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recipes

In the process of editing the book for the next edition, there are always some recipes that end up on the chopping block. The trouble with exceedingly large cookbooks is that we often have to make hard choices--we want to update the book to reflect the way people eat now, but we don't want to throw the baby out with the bath water, so to speak.

Is it possible not to love a crunchy almond cookie tossed in powdered sugar? And, after thousands of years of refining various cuisines, honing cooking tools, and passing down culinary knowledge from one generation to the next, is it possible to forget everything else when in the presence of one of these cookies?

Over years of observing the food world’s seasonal rush to make staple holiday dishes into exotic novelties, perhaps the most riffed-upon is the humble potato pancake, or latke.

We all have slightly unrealistic expectations about parties. When we plan one, we imagine (at least I do) perfectly ironed vintage linens atop the table, a loaf of homemade rustic bread, delicious cheeses and charcuterie, and home-canned jams, pickles, and conserves.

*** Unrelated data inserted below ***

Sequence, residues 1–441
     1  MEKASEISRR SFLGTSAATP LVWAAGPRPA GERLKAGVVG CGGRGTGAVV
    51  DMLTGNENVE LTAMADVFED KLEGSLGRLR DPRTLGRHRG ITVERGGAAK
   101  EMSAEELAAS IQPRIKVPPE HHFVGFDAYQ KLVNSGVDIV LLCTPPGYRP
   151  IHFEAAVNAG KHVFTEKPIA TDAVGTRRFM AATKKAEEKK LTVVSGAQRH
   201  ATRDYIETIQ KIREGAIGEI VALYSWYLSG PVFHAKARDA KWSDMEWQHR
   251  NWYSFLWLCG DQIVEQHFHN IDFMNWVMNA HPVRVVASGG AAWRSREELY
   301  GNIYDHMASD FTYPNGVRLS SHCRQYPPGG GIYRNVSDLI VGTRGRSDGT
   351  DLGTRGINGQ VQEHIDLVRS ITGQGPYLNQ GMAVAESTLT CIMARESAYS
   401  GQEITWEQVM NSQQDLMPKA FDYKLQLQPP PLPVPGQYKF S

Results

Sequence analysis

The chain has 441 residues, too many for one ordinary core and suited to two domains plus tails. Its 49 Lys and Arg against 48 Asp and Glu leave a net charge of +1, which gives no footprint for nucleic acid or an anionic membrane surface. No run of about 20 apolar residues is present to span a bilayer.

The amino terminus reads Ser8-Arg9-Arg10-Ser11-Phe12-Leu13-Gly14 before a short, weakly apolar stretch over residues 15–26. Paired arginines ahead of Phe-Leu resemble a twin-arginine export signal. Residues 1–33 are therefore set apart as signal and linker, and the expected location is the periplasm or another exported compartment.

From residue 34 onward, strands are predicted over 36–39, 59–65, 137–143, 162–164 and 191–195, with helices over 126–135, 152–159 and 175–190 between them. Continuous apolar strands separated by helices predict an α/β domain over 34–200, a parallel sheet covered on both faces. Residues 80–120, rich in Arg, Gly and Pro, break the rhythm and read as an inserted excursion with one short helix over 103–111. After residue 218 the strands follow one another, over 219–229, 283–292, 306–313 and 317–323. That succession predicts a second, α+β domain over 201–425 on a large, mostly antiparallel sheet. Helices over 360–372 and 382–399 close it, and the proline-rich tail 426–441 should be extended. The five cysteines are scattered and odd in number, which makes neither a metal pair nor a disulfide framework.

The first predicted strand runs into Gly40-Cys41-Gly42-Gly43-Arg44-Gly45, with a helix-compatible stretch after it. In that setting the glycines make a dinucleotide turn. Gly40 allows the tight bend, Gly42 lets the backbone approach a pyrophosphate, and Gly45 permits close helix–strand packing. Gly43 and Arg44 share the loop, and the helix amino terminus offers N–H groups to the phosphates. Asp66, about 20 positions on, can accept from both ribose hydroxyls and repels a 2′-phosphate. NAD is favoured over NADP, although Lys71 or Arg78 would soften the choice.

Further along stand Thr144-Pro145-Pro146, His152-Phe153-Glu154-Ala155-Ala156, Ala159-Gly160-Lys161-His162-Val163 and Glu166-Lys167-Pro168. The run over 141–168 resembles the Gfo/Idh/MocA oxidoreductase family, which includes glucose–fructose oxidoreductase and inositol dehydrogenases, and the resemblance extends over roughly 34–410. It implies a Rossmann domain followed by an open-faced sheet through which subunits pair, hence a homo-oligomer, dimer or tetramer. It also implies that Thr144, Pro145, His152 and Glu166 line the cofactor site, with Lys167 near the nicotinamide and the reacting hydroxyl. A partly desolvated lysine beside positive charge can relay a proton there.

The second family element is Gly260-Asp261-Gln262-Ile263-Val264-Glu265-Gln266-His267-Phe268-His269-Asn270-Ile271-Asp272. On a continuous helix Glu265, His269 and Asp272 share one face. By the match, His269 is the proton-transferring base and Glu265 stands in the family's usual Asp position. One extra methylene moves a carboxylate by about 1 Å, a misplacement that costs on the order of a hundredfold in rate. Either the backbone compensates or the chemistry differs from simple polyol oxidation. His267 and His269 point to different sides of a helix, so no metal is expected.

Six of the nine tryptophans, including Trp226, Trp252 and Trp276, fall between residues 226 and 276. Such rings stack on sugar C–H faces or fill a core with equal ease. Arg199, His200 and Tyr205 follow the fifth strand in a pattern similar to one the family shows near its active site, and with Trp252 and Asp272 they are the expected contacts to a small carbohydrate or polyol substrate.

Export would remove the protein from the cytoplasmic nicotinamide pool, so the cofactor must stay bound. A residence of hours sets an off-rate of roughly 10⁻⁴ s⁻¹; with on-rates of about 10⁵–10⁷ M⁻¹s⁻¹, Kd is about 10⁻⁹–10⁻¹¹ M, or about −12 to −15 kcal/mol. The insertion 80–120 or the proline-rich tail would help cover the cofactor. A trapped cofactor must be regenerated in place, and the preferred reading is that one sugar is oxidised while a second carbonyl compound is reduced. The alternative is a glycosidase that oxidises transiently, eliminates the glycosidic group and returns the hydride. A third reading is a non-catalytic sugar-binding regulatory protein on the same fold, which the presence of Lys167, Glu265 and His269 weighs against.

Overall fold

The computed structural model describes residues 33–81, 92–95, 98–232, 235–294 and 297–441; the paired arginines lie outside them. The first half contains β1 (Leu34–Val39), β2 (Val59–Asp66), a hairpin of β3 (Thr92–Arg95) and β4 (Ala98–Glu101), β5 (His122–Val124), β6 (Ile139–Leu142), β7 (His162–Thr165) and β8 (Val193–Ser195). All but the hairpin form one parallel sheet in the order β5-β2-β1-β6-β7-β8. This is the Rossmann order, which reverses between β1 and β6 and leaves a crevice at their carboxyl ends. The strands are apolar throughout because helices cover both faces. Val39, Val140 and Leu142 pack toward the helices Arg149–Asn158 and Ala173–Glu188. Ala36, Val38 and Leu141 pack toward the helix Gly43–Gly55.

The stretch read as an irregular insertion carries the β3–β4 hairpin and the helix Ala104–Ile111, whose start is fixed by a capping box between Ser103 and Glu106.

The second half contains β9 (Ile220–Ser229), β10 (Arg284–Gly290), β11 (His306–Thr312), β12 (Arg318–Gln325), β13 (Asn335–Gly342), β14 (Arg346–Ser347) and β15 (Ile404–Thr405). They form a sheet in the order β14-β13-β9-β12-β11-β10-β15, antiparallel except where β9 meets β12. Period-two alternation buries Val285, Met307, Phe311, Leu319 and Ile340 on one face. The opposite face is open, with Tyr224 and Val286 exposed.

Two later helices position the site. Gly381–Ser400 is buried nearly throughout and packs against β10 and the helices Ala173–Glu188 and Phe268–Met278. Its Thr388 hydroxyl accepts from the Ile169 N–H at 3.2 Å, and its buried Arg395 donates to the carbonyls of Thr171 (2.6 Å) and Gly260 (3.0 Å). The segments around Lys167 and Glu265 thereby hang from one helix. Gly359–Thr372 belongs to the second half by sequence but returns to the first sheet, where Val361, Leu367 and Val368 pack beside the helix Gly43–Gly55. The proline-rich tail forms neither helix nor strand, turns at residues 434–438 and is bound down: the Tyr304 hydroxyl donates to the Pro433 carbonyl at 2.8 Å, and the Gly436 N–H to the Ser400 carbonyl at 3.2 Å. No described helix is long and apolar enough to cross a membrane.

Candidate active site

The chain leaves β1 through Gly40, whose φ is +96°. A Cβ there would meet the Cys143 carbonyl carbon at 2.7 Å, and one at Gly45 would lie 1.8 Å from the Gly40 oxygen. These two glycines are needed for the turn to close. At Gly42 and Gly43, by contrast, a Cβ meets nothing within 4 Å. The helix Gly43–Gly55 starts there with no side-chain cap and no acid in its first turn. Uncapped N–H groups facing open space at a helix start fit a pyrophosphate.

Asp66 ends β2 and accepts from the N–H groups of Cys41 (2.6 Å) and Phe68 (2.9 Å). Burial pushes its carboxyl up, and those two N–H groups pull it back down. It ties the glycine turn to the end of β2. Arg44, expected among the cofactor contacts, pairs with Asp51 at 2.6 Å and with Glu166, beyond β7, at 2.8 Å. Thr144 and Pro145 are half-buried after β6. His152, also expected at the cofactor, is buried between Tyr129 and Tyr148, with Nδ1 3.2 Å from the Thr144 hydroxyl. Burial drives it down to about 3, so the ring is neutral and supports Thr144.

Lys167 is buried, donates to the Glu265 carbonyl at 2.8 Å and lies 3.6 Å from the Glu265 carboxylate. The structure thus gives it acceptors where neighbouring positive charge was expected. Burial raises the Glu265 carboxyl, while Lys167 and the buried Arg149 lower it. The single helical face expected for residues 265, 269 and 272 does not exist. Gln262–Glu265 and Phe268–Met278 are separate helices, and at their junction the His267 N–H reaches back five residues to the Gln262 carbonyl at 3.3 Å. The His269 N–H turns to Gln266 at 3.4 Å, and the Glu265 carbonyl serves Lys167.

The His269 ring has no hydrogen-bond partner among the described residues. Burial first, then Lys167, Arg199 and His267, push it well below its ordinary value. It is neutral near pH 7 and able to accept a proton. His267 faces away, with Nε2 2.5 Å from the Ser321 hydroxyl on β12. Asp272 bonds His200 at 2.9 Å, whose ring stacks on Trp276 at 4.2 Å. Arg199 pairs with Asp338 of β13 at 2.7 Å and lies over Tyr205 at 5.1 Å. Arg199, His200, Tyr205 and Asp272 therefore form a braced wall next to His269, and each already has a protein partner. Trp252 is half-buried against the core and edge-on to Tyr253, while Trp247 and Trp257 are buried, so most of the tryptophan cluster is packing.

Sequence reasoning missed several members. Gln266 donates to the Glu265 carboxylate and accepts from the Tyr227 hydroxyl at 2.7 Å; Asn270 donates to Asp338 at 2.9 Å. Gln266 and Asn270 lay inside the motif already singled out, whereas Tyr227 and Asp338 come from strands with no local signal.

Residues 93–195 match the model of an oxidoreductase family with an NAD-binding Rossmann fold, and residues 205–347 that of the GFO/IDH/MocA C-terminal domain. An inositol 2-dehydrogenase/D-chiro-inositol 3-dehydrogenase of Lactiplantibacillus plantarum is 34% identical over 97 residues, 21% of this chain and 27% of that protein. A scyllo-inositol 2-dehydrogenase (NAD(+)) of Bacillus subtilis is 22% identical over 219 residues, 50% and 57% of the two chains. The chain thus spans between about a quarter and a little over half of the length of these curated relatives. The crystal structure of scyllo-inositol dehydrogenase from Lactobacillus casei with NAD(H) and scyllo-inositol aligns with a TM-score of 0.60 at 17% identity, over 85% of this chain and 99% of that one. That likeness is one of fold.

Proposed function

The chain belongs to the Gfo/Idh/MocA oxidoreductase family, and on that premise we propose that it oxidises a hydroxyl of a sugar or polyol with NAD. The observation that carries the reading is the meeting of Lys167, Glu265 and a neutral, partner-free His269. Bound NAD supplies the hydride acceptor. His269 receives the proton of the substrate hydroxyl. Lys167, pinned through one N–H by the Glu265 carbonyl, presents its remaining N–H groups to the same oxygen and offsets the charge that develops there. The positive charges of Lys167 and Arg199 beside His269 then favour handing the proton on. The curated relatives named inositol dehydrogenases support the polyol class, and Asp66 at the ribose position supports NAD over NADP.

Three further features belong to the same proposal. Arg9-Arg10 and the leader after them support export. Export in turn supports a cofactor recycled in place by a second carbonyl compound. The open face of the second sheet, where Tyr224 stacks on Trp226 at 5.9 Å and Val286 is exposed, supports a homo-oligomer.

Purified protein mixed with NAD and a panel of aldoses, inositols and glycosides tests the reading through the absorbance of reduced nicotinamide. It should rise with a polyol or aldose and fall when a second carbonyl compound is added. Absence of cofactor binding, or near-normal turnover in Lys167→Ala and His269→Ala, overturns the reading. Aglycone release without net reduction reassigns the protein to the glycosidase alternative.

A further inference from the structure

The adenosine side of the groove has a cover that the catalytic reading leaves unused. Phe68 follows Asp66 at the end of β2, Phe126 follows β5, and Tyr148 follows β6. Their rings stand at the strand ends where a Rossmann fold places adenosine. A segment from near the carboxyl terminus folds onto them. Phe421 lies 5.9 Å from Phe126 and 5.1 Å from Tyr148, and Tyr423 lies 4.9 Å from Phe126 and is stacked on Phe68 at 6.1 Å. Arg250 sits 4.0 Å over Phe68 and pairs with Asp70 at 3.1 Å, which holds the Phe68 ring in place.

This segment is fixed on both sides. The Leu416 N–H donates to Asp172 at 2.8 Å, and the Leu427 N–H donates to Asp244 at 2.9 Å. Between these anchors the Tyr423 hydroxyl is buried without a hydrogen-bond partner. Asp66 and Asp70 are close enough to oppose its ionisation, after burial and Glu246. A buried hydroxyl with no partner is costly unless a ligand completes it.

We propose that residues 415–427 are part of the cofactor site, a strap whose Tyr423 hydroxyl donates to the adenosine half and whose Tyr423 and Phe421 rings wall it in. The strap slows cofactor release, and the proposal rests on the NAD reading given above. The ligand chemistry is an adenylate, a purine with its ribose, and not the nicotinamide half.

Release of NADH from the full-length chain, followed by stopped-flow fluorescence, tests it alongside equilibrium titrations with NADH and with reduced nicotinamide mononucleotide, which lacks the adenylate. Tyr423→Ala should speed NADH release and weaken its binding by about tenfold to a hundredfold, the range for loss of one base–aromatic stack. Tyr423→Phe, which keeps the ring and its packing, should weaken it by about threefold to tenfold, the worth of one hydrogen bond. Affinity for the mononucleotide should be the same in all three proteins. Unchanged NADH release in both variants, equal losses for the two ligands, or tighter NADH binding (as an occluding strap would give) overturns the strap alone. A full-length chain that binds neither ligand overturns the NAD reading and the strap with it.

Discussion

I feel as if I grew up in the age of the scone. I remember when coffee shops started carrying them, and it was a great treat when my mother made them at home. Now, scones are old hat. Not that they are any less delicious. In fact, they may be more so now that many of us have actually gotten the hang of making them. But does the world really need another scone recipe?

When I bought my copy of JOY after graduating high school, let's just say my cooking priorities were a lot simpler. I was living in a singlewide trailer on top of a hill and working on a goat farm. After a quick breakfast, I would work long days and come home after dark, looking for nothing so much as a simple dinner, a shower, and my twin-sized mattress on the floor.

Having a viable website has resulted in a steady stream of emails from JOY fans. As a result, we've been able to gather some basic information about the people who visit our site. One surprising find is that we have a solid fan base in Canada. I don't know why I find this surprising, as our neighbors to the North undoubtedly have many things in common with us.

Every year, I stockpile cookie recipes. I scour blogs, cookbooks, and my relatives' recipe boxes for ideas. I flip through food magazines at the doctor's office and never pass up an opportunity to ogle the cookie selection at any bakery I set foot in.

This time of year, we find ourselves eating greens of one kind or another almost every day. Cabbage, bok choy, spinach, tatsoi, collards, swiss chard, mustard greens, and kale are just some of the greens vying for position in our crisper drawers.

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